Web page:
In the last decade, however, St. Louis has been making a distinct turnaround. By embracing innovation and their own local assets, St. Louis is revitalizing and reinventing itself in the post-recession era.

Like many areas, St. Louis’ real estate market suffered from a post-recession property price softness. Generally speaking, St. Louis has been a balanced market overall with steadily decreasing unemployment. Between 2014 and 2015, the unemployment rate dropped to 5.5% from 6.6% despite a decrease in job growth according to the Comprehensive Housing Market Analysis from the U.S. Department of Housing and Urban Development. As of May 2018, the unemployment rate in St. Louis was even lower at 3.8%.

As a whole, the unemployment rate has been on a steady downward trajectory since its peak in 2009 at the height of the housing market crash, demonstrating economic recovery.

The report presented by the U.S. Department of Housing and Urban Development in 2015, just three years ago, painted the picture of a balanced real estate market. The housing prices sat at an average of $193,400. There were only a 1.7% vacancy rate and modest demand keeping housing prices in check.

The rental market at the time was somewhat soft with a decreasing vacancy rate but overall it was well-balanced.

In 2018, the headlines are reading something a little bit different from what we saw in the 2015 reports of a modest, soft, somewhat unremarkable real estate market. St. Louis real estate is hot.

This is a distinctly different image from the St. Louis of the late 20th century. Today’s St. Louis is bustling with energy, innovation, and new horizons.

Positive Indicators for the St. Louis Real Estate Market

mi-graphics17-01smIf we jump to the present, we’re seeing plenty of positive indicators in the St. Louis market as a whole that point to ideal turnkey investment conditions.

Rising Revitalization

Expanding Tech Opportunities

St. Louis has, just in the last decade or so, seen vast revitalization efforts. One of the ways in which the city has done this has been quietly happening over the years—and that’s the push to bring technology jobs to the city. As companies like Boeing, Unisys and Hudson's Bay Company expanded their technology operations to St. Louis, the city quietly grew to become one of the tech hubs of the Midwest.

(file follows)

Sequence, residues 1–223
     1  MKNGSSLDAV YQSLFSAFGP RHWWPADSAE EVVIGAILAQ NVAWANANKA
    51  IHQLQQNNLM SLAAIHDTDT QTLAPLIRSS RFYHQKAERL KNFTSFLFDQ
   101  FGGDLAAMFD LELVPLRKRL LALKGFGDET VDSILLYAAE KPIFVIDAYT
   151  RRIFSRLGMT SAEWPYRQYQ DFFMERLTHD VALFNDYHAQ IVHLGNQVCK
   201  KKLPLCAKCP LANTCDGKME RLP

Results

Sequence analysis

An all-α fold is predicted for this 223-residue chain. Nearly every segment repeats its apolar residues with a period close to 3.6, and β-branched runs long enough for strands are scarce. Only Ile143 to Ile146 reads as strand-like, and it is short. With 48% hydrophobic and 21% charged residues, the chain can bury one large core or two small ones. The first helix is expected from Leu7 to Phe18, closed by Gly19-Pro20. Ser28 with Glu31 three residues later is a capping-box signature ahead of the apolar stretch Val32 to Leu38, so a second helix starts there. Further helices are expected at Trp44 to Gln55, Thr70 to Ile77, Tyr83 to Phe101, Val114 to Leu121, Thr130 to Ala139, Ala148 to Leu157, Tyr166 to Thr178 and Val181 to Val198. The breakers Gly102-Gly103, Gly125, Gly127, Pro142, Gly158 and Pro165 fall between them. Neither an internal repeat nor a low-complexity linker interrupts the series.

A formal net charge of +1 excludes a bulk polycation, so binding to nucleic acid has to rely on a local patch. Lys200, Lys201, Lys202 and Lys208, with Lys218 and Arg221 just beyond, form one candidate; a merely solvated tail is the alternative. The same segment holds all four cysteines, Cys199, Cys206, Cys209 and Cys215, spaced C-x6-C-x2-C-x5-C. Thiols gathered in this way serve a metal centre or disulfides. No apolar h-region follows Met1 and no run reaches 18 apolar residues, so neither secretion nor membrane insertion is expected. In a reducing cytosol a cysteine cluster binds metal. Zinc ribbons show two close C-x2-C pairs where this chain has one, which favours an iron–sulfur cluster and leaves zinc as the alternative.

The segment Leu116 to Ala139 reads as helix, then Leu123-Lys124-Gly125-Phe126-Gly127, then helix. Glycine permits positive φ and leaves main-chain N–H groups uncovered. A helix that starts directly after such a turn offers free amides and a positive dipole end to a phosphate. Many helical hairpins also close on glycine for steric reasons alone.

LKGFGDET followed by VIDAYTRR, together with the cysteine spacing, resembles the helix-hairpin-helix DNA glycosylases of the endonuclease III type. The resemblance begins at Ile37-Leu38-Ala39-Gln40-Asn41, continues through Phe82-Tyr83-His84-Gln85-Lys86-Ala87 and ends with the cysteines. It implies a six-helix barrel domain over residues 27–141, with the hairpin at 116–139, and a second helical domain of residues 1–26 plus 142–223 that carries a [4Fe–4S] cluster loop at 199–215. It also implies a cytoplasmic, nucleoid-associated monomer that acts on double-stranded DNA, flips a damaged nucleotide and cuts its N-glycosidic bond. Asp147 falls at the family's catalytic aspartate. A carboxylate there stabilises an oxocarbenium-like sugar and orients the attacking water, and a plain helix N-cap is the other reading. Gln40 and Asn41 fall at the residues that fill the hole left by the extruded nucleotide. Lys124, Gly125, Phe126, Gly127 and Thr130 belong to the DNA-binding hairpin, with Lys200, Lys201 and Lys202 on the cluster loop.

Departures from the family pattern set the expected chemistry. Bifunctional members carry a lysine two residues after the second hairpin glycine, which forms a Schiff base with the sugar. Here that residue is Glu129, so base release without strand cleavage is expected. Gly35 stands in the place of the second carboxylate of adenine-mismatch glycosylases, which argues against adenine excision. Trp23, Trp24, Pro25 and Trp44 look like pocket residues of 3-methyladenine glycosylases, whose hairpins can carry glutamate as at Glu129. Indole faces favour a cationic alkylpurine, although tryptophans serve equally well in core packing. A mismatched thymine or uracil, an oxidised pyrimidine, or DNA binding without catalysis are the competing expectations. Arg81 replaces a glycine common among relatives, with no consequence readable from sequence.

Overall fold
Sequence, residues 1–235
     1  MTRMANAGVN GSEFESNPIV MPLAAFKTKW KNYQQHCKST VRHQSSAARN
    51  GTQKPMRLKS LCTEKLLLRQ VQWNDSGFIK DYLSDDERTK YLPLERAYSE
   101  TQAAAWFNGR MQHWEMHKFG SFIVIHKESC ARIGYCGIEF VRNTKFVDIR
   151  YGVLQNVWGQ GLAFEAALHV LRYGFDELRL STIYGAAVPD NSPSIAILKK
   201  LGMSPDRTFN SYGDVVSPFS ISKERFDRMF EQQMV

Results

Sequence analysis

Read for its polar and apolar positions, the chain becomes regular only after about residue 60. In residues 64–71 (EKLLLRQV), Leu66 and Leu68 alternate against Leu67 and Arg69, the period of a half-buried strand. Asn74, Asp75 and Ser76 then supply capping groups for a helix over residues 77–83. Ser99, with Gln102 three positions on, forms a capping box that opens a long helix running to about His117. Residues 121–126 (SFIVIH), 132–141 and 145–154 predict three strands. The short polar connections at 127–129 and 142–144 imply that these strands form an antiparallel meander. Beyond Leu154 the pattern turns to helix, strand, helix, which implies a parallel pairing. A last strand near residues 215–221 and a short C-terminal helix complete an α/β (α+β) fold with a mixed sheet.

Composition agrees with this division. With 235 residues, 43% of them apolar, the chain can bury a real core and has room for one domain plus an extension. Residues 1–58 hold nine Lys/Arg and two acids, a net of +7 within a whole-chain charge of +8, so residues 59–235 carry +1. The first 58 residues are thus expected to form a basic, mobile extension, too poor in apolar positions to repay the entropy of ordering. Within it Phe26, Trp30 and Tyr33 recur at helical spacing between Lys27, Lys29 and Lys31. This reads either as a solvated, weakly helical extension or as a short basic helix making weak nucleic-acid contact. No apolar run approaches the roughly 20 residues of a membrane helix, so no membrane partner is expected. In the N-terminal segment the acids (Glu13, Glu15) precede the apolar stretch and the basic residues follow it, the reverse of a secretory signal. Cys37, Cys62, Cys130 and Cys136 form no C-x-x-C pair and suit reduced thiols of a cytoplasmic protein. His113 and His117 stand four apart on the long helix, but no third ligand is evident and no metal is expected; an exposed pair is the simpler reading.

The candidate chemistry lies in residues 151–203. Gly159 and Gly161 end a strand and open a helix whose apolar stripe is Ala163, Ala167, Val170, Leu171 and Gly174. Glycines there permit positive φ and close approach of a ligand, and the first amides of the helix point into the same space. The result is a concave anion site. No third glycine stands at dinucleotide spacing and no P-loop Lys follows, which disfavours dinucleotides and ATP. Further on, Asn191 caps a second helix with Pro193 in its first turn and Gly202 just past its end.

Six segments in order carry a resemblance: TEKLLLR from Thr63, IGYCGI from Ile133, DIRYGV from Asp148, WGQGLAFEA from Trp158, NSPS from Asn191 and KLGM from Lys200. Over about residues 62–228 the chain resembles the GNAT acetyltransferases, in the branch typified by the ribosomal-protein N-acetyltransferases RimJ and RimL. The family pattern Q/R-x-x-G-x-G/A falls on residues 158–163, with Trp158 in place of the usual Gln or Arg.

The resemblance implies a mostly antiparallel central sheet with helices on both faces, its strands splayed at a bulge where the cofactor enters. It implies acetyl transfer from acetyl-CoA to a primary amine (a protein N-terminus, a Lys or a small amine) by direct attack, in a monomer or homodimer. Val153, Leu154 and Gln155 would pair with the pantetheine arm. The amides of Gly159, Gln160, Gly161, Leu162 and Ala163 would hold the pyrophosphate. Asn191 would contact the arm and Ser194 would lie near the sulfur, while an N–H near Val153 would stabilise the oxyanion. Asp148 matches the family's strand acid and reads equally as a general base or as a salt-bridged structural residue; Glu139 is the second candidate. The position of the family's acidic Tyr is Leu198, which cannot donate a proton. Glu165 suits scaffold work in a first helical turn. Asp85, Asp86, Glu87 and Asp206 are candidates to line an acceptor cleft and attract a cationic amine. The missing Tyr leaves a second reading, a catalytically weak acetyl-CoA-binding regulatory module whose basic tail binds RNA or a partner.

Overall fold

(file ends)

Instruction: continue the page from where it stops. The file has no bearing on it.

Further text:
In our economic climate, jobs in the technology sector are particularly valuable to young millennials and the generations to follow. Capitalizing on these employment opportunities when they did by attracting and recruiting these employers set the stage for the current revitalization we’re seeing in St. Louis.

Grassroots Efforts

Beyond economic opportunities springing up in St. Louis, the city has seen dramatic efforts over the years to better the conditions of the city. Everywhere you look, you will find residents who are investing in improving St. Louis and what it’s like to live, work, and play in the city.

These efforts have made an impact in tourism, recreation, shopping, and in the economy as a whole. The technology sector isn’t the only one that is thriving in St. Louis. If you work in the city, you’ll find a distinctly collaborative spirit across craftsmen, entrepreneurs, city aldermen, small business owners, brewers, and more. You have “disruptors” in the industries of innovation as much as you have the artisans and entrepreneurs looking to fulfill their dreams in St. Louis.

It all comes together when they want to see the city shine. Efforts like Better Family Life's Clean Sweep and Clean Sweep 2018 sought to spend their summer cleaning up trash and dilapidated buildings in downtown St. Louis. As a private-public partnership spanning both volunteers and over a dozen construction companies, the project involved both cleaning up and removing trash and decayed buildings and then actually constructing new properties in their place.

Returning Tourism

One of the largest efforts in recent years has been to leverage the city’s waterfront in efforts to increase tourism and greenspace. The St. Louis Gateway Arch is by far it’s most iconic landmark since its completion and unveiling in 1967. It was constructed as a testament to western expansion.

The arch is surrounded by a national park that was founded in 1935 as the Jefferson National Expansion Memorial. It is both the park, the arch, and its museums that have been the center of a $380 million renovation project for the past five years.

On July 3, 2018, the park, renamed the Gateway Arch National Park earlier in February, reopened after its extensive renovations. The Gateway Arch Park Foundation oversaw the project, whose aim was to better connect the park and the arch to downtown, making the area more accessible to both residents and tourists.